1844-1926 Mary Cassatt Galleries Within months of her return to Europe in the autumn of 1871, Cassatt??s prospects had brightened. Her painting Two Women Throwing Flowers During Carnival was well received in the Salon of 1872, and was purchased. She attracted much favorable notice in Parma and was supported and encouraged by the art community there: ??All Parma is talking of Miss Cassatt and her picture, and everyone is anxious to know her??. After completing her commission for the archbishop, Cassatt traveled to Madrid and Seville, where she painted a group of paintings of Spanish subjects, including Spanish Dancer Wearing a Lace Mantilla (1873, in the National Museum of American Art, Smithsonian Institution). In 1874, she made the decision to take up residence in France. She was joined by her sister Lydia who shared an apartment with her. Cassatt continued to express criticism of the politics of the Salon and the conventional taste that prevailed there. She was blunt in her comments, as reported by Sartain, who wrote: ??she is entirely too slashing, snubs all modern art, disdains the Salon pictures of Cabanel, Bonnat, all the names we are used to revere??. Cassatt saw that works by female artists were often dismissed with contempt unless the artist had a friend or protector on the jury, and she would not flirt with jurors to curry favor. Her cynicism grew when one of the two pictures she submitted in 1875 was refused by the jury, only to be accepted the following year after she darkened the background. She had quarrels with Sartain, who thought Cassatt too outspoken and self-centered, and eventually they parted. Out of her distress and self-criticism, Cassatt decided that she needed to move away from genre paintings and onto more fashionable subjects, in order to attract portrait commissions from American socialites abroad, but that attempt bore little fruit at first. In 1877, both her entries were rejected, and for the first time in seven years she had no works in the Salon. At this low point in her career she was invited by Edgar Degas to show her works with the Impressionists, a group that had begun their own series of independent exhibitions in 1874 with much attendant notoriety. The Impressionists (also known as the ??Independents?? or ??Intransigents??) had no formal manifesto and varied considerably in subject matter and technique. They tended to prefer open air painting and the application of vibrant color in separate strokes with little pre-mixing, which allows the eye to merge the results in an ??impressionistic?? manner. The Impressionists had been receiving the wrath of the critics for several years. Henry Bacon, a friend of the Cassatts, thought that the Impressionists were so radical that they were ??afflicted with some hitherto unknown disease of the eye??. They already had one female member, artist Berthe Morisot, who became Cassatt??s friend and colleague. Degas, Portrait of Miss Cassatt, Seated, Holding Cards, c. 1876-1878, oil on canvasCassatt admired Degas, whose pastels had made a powerful impression on her when she encountered them in an art dealer's window in 1875. "I used to go and flatten my nose against that window and absorb all I could of his art," she later recalled. "It changed my life. I saw art then as I wanted to see it." She accepted Degas' invitation with enthusiasm, and began preparing paintings for the next Impressionist show, planned for 1878, which (after a postponement because of the World??s Fair) took place on April 10, 1879. She felt comfortable with the Impressionists and joined their cause enthusiastically, declaring: ??we are carrying on a despairing fight & need all our forces??. Unable to attend cafes with them without attracting unfavorable attention, she met with them privately and at exhibitions. She now hoped for commercial success selling paintings to the sophisticated Parisians who preferred the avant-garde. Her style had gained a new spontaneity during the intervening two years. Previously a studio-bound artist, she had adopted the practice of carrying a sketchbook with her while out-of-doors or at the theater, and recording the scenes she saw. Summertime, c. 1894, oil on canvasIn 1877, Cassatt was joined in Paris by her father and mother, who returned with her sister Lydia. Mary valued their companionship, as neither she nor Lydia had married. Mary had decided early in life that marriage would be incompatible with her career. Lydia, who was frequently painted by her sister, suffered from recurrent bouts of illness, and her death in 1882 left Cassatt temporarily unable to work. Cassatt??s father insisted that her studio and supplies be covered by her sales, which were still meager. Afraid of having to paint ??potboilers?? to make ends meet, Cassatt applied herself to produce some quality paintings for the next Impressionist exhibition. Three of her most accomplished works from 1878 were Portrait of the Artist (self-portrait), Little Girl in a Blue Armchair, and Reading Le Figaro (portrait of her mother). Degas had considerable influence on Cassatt. She became extremely proficient in the use of pastels, eventually creating many of her most important works in this medium. Degas also introduced her to etching, of which he was a recognized master. The two worked side-by-side for awhile, and her draftsmanship gained considerable strength under his tutelage. He depicted her in a series of etchings recording their trips to the Louvre. She had strong feelings for him but learned not to expect too much from his fickle and temperamental nature. The sophisticated and well-dressed Degas, then forty-five, was a welcome dinner guest at the Cassatt residence. The Impressionist exhibit of 1879 was the most successful to date, despite the absence of Renoir, Sisley, Manet and C??zanne, who were attempting once again to gain recognition at the Salon. Through the efforts of Gustave Caillebotte, who organized and underwrote the show, the group made a profit and sold many works, although the criticism continued as harsh as ever. The Revue des Deux Mondes wrote, ??M. Degas and Mlle. Cassatt are, nevertheless, the only artists who distinguish themselves??and who offer some attraction and some excuse in the pretentious show of window dressing and infantile daubing??. Cassatt displayed eleven works, including La Loge. Although critics claimed that Cassatt??s colors were too bright and that her portraits were too accurate to be flattering to the subjects, her work was not savaged as was Monet's, whose circumstances were the most desperate of all the Impressionists at that time. She used her share of the profits to purchase a work by Degas and one by Monet. She exhibited in the Impressionist Exhibitions that followed in 1880 and 1881, and she remained an active member of the Impressionist circle until 1886. In 1886, Cassatt provided two paintings for the first Impressionist exhibition in the United States, organized by art dealer Paul Durand-Ruel. Her friend Louisine Elder married Harry Havemeyer in 1883, and with Cassatt as advisor, the couple began collecting the Impressionists on a grand scale. Much of their vast collection is now in the Metropolitan Museum of Art in New York City. She also made several portraits of family members during that period, of which Portrait of Alexander Cassatt and His Son Robert Kelso (1885) is one of her best regarded. Cassatt??s style then evolved, and she moved away from Impressionism to a simpler, more straightforward approach. She began to exhibit her works in New York galleries as well. After 1886, Cassatt no longer identified herself with any art movement and experimented with a variety of techniques.   Related Paintings of Mary Cassatt :. | Miss Mary Ellison | Self-Portrait | Junge Frauen beim Obstpflucken | On the Balcony | Mother Berthe Holding her Baby |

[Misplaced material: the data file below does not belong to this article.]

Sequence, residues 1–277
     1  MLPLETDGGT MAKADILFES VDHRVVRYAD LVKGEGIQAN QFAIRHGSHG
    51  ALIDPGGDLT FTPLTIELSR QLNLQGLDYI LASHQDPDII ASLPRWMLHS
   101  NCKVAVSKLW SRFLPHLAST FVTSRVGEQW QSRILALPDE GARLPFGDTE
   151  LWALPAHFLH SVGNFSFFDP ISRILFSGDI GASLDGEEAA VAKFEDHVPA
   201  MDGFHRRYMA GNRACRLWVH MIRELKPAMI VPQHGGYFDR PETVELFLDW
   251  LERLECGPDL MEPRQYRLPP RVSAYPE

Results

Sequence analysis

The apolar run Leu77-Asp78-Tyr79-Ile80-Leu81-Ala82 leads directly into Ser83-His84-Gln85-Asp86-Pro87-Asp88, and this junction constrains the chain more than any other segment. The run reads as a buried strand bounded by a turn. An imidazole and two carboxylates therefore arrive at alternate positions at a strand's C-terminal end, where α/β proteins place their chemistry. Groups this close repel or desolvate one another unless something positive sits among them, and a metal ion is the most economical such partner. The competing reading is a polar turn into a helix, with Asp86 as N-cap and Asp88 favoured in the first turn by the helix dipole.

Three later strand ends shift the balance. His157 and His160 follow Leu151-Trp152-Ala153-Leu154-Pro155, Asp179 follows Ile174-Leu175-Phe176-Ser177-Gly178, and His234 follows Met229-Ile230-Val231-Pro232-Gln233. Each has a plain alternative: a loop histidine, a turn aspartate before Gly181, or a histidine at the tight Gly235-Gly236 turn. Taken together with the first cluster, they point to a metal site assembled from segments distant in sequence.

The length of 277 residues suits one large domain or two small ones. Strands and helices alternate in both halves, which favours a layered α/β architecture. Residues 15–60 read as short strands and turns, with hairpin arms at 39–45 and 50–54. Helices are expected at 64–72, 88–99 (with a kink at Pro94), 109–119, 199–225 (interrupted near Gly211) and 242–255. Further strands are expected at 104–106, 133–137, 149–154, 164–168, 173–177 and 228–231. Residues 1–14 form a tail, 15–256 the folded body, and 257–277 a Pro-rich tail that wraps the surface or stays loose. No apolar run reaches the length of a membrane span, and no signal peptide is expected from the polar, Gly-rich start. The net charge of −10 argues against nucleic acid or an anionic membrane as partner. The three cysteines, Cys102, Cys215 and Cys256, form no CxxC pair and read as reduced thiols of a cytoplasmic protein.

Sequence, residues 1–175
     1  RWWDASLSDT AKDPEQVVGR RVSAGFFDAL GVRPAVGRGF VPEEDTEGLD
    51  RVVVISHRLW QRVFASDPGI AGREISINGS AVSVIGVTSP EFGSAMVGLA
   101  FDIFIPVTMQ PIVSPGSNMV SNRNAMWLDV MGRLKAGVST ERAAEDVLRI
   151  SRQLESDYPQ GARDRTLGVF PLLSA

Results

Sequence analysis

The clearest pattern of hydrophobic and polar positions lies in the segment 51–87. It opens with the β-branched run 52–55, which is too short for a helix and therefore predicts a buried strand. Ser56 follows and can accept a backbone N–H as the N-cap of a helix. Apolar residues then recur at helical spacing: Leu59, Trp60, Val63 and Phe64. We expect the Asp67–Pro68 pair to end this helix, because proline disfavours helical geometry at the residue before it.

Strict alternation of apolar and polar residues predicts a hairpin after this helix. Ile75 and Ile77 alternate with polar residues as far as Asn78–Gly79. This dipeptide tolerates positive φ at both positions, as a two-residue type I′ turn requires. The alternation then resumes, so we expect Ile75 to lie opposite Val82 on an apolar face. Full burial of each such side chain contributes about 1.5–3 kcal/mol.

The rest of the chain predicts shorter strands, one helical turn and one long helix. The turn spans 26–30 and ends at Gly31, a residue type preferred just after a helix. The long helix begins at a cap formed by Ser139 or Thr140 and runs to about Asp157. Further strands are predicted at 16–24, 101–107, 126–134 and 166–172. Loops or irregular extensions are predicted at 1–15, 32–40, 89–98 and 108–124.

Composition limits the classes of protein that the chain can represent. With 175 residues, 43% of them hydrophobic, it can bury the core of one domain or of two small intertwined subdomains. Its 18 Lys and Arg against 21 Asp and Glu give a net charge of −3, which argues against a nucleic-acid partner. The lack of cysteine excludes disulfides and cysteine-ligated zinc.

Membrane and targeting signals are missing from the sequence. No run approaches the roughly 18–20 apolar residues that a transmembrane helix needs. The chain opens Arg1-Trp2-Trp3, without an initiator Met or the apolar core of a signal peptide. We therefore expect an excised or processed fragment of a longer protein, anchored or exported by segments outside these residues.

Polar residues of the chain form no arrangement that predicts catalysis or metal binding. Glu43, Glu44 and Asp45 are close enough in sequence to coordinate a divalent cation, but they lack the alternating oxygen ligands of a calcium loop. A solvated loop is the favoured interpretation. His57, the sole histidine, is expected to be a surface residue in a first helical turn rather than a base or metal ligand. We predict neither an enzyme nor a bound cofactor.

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Carlo Saraceni